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As the lights go down a single white circle (like a full moon) is illuminated; the shadow of a hand appears in the circle – two hands. Then with a deft movement the hands have transformed into a bird, a rabbit, a flowing river or a man's face, and the audience are laughing, gasping and demanding to know “How does he do that?”
What is this magic of light and dark that so transfixes young and old? It is the ancient art of Hand Shadows (or Shadowgraphy) - the art of creating and animating shadow images using little more than the performer's hands. In Drew Colby's hands the artform is a source of comedy, beauty and wonder.
“The audience couldn’t help but clap their hands with delight after each animal left the scene. Shadow puppetry at its best.” – Chelsey Stuyt, Bristol Theatre Review
Drew's work with puppets in South Africa and the UK has evolved over 31 years. He began with glove puppets and marionettes at the age of 12, gradually becoming interested in what the everyday object could say. His first professional work was from 1995 – 1998 at the Playhouse Puppet Company in Durban, South Africa. Work spanned traditional double-bridge, long-string marionette shows, open stage bunraku-style puppetry, and performances with mixed styles of puppetry, acting, mask work and dance. From this experience Drew developed work over the next three years using open-stage short-string marionettes and rod puppets. The culmination of this period was a performance of “Madiepetsana and the Milk bird” at the 1999 International Festival of Marionette Art in Prague, Czech Republic.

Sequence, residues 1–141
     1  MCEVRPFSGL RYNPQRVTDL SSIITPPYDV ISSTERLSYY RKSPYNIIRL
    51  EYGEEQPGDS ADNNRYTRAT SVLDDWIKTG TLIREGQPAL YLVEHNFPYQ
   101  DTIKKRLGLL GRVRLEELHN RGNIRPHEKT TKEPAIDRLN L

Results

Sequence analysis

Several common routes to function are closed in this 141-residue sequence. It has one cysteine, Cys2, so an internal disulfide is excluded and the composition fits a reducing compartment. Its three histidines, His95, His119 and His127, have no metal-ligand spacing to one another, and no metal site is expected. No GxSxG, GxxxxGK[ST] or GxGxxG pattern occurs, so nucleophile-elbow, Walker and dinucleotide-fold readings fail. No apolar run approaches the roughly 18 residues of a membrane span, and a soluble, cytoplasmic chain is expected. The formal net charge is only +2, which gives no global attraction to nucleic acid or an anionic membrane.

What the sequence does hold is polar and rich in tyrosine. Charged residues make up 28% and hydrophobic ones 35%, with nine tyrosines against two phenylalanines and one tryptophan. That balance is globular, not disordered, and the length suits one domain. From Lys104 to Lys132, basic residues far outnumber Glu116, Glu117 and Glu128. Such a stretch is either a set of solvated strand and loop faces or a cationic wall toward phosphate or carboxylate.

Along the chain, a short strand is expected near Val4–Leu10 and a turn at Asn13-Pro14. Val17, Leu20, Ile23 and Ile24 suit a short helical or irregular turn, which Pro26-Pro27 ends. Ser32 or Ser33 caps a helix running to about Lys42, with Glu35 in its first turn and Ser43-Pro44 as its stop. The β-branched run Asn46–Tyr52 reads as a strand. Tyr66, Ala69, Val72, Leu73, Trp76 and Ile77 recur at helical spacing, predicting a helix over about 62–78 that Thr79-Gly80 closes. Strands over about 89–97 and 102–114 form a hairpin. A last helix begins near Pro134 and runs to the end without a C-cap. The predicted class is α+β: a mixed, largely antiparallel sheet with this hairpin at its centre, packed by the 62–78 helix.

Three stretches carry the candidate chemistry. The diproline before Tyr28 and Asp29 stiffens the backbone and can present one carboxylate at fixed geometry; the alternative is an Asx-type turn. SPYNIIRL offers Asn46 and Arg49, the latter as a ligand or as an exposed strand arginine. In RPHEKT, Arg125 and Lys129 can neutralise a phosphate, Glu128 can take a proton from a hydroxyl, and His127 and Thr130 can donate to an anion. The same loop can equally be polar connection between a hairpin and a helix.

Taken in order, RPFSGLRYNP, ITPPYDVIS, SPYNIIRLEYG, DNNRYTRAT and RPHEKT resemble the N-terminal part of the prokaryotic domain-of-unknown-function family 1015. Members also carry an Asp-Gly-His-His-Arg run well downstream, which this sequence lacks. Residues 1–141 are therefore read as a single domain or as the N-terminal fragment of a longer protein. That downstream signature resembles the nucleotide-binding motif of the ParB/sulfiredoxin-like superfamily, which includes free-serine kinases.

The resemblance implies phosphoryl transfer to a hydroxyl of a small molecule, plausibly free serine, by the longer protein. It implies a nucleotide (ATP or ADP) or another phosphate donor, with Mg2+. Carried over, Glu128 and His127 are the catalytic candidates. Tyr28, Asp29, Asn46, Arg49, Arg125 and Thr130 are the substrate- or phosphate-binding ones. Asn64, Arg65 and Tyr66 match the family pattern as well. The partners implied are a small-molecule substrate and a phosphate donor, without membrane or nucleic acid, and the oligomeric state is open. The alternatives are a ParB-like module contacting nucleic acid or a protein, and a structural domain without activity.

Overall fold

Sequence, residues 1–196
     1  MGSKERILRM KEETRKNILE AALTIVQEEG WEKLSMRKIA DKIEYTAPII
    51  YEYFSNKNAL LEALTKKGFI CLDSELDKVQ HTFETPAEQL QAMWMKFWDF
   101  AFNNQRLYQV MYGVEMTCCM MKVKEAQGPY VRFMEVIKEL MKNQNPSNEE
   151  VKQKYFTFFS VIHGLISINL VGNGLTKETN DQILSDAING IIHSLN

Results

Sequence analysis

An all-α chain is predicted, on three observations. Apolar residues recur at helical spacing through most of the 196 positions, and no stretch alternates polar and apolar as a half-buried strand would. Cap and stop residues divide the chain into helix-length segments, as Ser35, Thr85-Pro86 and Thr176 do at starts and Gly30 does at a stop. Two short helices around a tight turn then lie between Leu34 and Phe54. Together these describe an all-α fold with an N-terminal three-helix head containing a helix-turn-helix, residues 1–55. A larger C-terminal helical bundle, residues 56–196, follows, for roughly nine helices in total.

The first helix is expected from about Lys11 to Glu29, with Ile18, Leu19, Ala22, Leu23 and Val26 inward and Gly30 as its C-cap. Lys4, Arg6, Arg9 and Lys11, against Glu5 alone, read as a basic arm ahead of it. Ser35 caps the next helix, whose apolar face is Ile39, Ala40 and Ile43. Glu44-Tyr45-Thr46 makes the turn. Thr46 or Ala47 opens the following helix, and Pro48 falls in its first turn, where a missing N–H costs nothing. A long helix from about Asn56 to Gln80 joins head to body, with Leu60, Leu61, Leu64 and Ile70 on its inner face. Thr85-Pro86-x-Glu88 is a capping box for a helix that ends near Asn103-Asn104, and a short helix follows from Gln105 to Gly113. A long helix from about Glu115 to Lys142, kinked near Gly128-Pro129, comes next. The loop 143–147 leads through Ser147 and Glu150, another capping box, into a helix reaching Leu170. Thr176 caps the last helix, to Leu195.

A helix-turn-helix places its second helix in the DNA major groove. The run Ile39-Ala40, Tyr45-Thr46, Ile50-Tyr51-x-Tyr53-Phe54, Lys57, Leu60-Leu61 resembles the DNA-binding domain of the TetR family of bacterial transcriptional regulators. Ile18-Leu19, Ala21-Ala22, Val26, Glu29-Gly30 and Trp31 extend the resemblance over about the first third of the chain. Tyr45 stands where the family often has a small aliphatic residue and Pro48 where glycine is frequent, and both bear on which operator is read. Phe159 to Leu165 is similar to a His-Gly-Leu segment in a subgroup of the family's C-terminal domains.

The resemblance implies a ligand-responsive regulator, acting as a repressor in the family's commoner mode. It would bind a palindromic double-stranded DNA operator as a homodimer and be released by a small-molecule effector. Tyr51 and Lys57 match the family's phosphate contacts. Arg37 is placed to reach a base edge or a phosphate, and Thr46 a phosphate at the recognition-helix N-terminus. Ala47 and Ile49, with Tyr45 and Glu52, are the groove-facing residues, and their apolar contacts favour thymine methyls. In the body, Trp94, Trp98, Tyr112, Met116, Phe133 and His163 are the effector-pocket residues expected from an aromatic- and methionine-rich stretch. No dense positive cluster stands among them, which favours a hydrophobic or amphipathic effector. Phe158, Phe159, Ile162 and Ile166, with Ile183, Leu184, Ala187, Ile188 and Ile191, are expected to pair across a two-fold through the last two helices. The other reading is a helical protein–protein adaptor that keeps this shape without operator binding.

Drew returned to the UK in 2000 and worked at the Little Angel Theatre, notably with Steve Tiplady on “Jonah and the Whale”, in 2002-2003. Drew's fascination with everyday objects grew out of this experience - during this time he created "Little Red Riding Hood", seen at the Battersea Arts Centre, Norwich Puppet Theatre and a summer season at The Little Angel Theatre in 2003, in addition to other prominent London and UK venues and festivals. This performance contained his first work with hand shadows. The show had only one pre-made puppet, and this led Drew to explore “instant puppetry”, where there are no pre-made puppets, simply objects that come to life, most often being conjoined to become characters and scenery. This process naturally led to hand shadow work, which is theatre created out of almost nothing (perhaps the ultimate instant puppetry).
In 2011 Drew was awarded the Puppet Centre Trust professional development bursary to travel to Azerbaijan and work with Georgian hand shadow theatre Budrugana Gagra. Drew has performed in venues and at festivals in Britain, South Africa, Namibia, Uganda, Kenya, Egypt, Turkey, Czech Republic, France, Finland, Canada, Chile, Austria, Germany, Romania, Slovenia, Israel and India and he has created shadow sequences for B&Q, Nintendo, Lodotra, Suso, Sainsburys, Channel 4 and the BBC.
"I am in awe at how many different animals you conveyed. My son and I were both captivated."
- Natalie Rope, parent